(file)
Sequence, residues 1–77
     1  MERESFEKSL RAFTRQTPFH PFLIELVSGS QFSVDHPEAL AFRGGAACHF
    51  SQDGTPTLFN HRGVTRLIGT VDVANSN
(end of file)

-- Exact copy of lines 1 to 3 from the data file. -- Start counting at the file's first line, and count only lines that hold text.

Sequence, residues 1–77
     1  MERESFEKSL RAFTRQTPFH PFLIELVSGS QFSVDHPEAL AFRGGAACHF
    51  SQDGTPTLFN HRGVTRLIGT VDVANSN